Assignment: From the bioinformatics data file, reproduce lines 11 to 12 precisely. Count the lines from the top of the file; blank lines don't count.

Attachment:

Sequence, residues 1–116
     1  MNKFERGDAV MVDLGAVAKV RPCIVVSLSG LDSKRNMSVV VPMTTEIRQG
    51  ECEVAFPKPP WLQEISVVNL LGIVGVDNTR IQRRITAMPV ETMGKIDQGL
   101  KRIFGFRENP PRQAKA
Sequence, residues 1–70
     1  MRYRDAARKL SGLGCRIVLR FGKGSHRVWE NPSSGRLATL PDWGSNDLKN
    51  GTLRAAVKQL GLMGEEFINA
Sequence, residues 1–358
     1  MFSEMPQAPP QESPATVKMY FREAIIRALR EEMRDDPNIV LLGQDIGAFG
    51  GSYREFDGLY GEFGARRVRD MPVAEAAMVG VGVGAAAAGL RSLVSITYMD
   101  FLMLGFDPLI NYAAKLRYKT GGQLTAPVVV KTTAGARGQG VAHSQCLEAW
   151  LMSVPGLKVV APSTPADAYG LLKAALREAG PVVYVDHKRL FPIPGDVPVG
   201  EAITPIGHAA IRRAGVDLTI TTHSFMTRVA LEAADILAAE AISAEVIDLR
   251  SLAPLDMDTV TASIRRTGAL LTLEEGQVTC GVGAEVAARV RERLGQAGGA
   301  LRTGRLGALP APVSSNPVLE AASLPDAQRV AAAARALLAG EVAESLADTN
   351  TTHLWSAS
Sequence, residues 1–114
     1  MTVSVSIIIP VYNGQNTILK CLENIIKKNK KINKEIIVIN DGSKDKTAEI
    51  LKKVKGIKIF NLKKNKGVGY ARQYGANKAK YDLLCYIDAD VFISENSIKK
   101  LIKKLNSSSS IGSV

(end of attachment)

   101  FLMLGFDPLI NYAAKLRYKT GGQLTAPVVV KTTAGARGQG VAHSQCLEAW
   151  LMSVPGLKVV APSTPADAYG LLKAALREAG PVVYVDHKRL FPIPGDVPVG